April 25, 2010
Roger Goodell and the NFL made all the right moves with the NFL draft this year. Despite some initial skepticism, holding the first round on a Thursday night was a massive ratings success. Letting different people (like former NFL players, children and Carl Lewis) announce picks on the weekend was a fun way to break up the monotny of the later rounds. And spreading the annual event over three days only seemed to intensify casual interest. But there's still one huge problem with the NFL draft and it needs to be remedied immediately: the drama has been killed by the ubiquity of cell phones and television cameras.
The best part of the draft used to be those few seconds before the pick when there was a mix of mystery and suspense before the commissioner would announce the player. Sam Bradford(notes) was the presumptive No. 1 pick, but could the Rams pull a stunner and go with Ndamukong Suh(notes) instead? Would the Redskins defy logic yet again and draft a quarterback or safety instead of addressing a need at offensive line? How would the Bucs begin the process of rebuilding? Most of the times, fans wouldn't have any idea. And even when we did know (like Bradford going No. 1 this year), we didn't really "know." Anything could happen.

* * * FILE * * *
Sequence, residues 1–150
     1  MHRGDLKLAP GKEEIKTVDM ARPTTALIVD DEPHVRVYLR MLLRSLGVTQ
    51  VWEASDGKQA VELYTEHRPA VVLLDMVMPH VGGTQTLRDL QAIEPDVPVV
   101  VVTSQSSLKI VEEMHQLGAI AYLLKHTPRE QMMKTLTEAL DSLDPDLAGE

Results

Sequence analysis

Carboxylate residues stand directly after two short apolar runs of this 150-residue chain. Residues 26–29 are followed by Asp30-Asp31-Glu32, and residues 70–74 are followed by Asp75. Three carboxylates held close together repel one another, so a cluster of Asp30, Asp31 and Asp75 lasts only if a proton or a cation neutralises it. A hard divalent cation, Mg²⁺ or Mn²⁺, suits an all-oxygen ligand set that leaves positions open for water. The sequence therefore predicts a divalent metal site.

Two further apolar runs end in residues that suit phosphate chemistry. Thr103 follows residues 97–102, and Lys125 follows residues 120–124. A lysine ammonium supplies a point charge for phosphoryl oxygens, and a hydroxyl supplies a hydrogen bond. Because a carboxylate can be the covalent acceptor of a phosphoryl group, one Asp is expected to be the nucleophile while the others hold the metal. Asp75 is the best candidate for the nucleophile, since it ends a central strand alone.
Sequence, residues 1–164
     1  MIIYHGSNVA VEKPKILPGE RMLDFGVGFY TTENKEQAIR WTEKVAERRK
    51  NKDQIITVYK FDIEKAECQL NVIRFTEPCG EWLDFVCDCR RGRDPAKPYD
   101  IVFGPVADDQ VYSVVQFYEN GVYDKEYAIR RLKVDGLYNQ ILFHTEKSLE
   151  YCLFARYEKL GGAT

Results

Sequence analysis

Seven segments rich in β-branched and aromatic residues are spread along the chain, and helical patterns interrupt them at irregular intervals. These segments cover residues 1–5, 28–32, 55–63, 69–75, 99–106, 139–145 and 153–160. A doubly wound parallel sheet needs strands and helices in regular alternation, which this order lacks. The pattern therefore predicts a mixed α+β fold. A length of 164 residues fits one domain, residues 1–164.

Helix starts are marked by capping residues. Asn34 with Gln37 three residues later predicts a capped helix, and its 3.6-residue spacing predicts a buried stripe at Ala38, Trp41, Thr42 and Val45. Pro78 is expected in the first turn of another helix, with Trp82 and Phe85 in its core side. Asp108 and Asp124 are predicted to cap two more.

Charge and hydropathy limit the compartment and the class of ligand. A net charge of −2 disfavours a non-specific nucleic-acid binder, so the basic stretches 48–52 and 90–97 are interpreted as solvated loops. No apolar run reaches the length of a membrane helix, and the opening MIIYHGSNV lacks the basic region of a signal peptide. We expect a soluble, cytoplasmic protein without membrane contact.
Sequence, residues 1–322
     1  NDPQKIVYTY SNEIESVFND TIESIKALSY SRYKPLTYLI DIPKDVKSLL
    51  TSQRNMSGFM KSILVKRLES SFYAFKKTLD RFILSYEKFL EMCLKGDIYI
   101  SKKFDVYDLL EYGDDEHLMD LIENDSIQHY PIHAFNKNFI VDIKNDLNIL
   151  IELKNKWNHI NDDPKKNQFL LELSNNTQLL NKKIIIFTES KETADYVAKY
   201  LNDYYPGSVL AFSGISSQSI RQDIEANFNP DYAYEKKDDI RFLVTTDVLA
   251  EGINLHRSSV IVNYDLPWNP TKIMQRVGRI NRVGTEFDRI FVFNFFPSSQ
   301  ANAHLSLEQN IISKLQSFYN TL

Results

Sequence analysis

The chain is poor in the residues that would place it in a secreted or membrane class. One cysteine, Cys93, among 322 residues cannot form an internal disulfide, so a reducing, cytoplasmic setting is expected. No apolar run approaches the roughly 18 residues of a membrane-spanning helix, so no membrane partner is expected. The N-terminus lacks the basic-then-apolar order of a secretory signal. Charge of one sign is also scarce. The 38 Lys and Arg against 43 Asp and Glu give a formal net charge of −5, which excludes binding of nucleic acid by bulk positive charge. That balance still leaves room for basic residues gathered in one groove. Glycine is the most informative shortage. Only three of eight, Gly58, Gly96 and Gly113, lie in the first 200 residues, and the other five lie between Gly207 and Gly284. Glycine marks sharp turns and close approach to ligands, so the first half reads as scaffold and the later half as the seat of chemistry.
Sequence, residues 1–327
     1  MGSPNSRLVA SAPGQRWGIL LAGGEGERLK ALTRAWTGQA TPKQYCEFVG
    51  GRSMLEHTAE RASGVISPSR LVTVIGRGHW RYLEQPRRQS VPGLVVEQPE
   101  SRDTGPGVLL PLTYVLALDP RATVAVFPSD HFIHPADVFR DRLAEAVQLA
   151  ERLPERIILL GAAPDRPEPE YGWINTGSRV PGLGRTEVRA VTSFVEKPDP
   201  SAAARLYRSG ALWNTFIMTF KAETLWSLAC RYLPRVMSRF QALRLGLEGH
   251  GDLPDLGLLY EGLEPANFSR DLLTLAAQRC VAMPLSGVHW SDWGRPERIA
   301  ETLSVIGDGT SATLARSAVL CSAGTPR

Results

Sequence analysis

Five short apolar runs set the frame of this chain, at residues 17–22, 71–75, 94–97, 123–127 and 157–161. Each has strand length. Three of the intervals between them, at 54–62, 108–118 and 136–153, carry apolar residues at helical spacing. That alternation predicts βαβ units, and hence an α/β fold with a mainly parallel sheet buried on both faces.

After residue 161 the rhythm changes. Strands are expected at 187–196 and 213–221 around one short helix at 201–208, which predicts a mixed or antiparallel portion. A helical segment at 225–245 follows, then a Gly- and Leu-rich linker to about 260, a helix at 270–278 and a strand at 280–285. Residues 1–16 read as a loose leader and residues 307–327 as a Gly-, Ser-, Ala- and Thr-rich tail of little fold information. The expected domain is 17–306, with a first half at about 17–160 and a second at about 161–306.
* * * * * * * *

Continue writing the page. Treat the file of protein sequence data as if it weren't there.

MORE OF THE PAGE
This year we knew. Before a majority of the top picks, television cameras would capture potential draftees talking on cell phones with huge smiles prior to the selection being announced. There was Bradford talking before the No. 1 selection. There was no doubt as to who was on the other end. Suh had been on the phone for nearly a minute before Goodell announced the pick. Same thing with Gerald McCoy(notes) and Trent Williams(notes). When cameras captured those players talking on the phone, viewers knew their names would be announced momentarily. By the time the commissioner got to the podium, he was announcing old news.
It ruined the excitement of the draft and it needs to stop. There's no reason a team needs to call a player before the pick is announced. If the league is interested in that, hold the draft behind closed doors. The draft is entertainment -- a television show -- and should be treated as such. It's for the fans and having each big pick known before it happens kills the drama. Imagine if the producers of "Lost" flashed a message revealing each big payoff 30 seconds before it happened?
Luckily, this is an easy fix and Goodell is just the sort of commissioner to do it. He should create a rule that states teams on the clock aren't allowed to call to a player or agent until the pick has been announced in New York.
Problem solved. Now if we could just do something about Chris Berman.
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